Mirror Trading International (MTI) says it is preparing a countersuit after a raid at several locations on Monday by the Financial Sector Conduct Authority (FSCA).
The FSCA arrived with search and seizure warrants at MTI’s offices in Stellenbosch and Polokwane, as well as the Durban homes of two MTI executives. The warrants were issued in terms of the Financial Sector Regulation Act.
Responding to the raids, MTI’s marketing head Cheri Marks says the company’s lawyers are preparing to approach the courts to have the warrants set aside, and to claim damages from the FSCA.
She claims FSCA divisional executive for investigations and enforcement Brandon Topham is on a personal vendetta against MTI – something Topham denies.
“We are fully compliant with all laws,” says Marks.
“In August this year our senior executives had a meeting with the FSCA at their offices where they requested certain documents – which we provided. Also at that meeting we demonstrated our live trades and provided proof of our bitcoin balance.
“We are 100% convinced this was a fishing expedition and that the application brought by the FSCA was illegal in the application, the merit and the execution.”
Topham issued the following statement to Moneyweb:
“On 26 October 2020 the FSCA executed three search and seizure warrants, which were issued by three separate high courts in Limpopo, KwaZulu-Natal and the Western Cape, on application by the FSCA, at the home of the chief executive officer of MTI, Mr Johan Steynberg, the home of the marketing director of MTI, Mrs Cheri Marks, and the MTI offices in Stellenbosch.
“The evidence gathered during the search and seizure operations will be used in the ongoing investigation into the activities of MTI.
“The warrants executed were not Anton Pillar orders [a form of civil search warrant] but were issued in terms of the Financial Sector Regulation Act, which allows us to obtain warrants to conduct search and seizure of information relating to a financial sector contravention.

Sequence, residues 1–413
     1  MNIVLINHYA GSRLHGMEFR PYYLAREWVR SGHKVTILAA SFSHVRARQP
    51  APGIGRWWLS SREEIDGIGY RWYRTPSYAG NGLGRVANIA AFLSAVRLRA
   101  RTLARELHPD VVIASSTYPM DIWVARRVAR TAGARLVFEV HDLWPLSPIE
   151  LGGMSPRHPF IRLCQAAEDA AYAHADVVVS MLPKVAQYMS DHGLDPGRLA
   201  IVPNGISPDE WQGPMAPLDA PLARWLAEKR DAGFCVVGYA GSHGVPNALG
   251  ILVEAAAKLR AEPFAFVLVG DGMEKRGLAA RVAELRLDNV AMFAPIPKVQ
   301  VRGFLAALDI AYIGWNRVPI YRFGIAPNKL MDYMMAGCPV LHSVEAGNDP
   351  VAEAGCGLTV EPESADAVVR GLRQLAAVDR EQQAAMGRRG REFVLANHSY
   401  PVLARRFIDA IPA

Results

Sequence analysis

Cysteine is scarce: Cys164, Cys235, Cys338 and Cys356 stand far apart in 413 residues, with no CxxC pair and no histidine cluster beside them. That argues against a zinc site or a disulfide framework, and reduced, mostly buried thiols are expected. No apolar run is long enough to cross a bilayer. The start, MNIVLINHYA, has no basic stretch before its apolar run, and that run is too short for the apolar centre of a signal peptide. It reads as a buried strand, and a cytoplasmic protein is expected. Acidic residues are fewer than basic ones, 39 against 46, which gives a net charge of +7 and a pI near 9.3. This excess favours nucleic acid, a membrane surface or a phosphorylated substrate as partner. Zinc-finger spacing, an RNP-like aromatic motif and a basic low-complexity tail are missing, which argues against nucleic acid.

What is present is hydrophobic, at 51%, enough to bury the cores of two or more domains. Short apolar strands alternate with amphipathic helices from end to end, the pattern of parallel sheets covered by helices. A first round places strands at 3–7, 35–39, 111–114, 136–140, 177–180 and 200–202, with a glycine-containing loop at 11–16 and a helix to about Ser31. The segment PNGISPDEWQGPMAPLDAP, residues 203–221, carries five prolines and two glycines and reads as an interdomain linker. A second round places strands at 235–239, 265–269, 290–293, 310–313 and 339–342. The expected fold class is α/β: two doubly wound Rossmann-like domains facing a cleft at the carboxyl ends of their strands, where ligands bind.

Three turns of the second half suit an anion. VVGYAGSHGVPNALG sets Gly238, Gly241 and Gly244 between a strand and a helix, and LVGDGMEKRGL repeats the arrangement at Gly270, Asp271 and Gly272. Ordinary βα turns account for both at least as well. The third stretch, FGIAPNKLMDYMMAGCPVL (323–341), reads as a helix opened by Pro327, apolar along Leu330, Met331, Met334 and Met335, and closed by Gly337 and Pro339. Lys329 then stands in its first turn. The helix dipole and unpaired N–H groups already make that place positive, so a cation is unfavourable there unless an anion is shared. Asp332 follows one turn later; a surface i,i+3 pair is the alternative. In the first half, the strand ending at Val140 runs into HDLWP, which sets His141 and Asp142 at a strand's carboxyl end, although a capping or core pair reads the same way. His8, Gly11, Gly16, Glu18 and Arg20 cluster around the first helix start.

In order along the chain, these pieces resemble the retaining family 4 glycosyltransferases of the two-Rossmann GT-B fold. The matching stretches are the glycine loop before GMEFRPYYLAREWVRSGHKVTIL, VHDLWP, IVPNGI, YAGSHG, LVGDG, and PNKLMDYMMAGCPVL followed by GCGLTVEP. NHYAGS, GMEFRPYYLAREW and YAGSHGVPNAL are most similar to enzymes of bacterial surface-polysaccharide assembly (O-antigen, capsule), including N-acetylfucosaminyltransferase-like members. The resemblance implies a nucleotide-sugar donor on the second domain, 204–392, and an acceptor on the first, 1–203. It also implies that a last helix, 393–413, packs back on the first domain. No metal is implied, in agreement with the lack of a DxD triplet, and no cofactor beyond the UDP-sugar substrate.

“We do not conduct criminal investigations and our investigations are in terms of the Financial Sector Regulations Act, which is aimed at protecting the South African investing public and to ensure that a secure financial sector exists. Our investigations may lead to referrals of evidence to other authorities or to the SAPS [South African Police Service].
“Our next step is to examine the evidence and compare it with other information obtained. On conclusion we will make decisions involving whether we should take administrative steps against any person and or refer the evidence obtained to other bodies.”
MTI’s switch to bitcoin
MTI says it ceased forex trading several months ago to ensure it remained compliant with local regulations, and switched to bitcoin trading, using an automated trading algorithm. It is now using an offshore unregulated broker to prevent its trading activities from being shut down and its accounts frozen, says Marks.
In August, the FSCA announced it was investigating MTI and recommended that clients ask for their funds to be returned.
Marks earlier told Moneyweb that it has 170 000 members worldwide, with roughly 17 000 bitcoin that it trades on their behalf.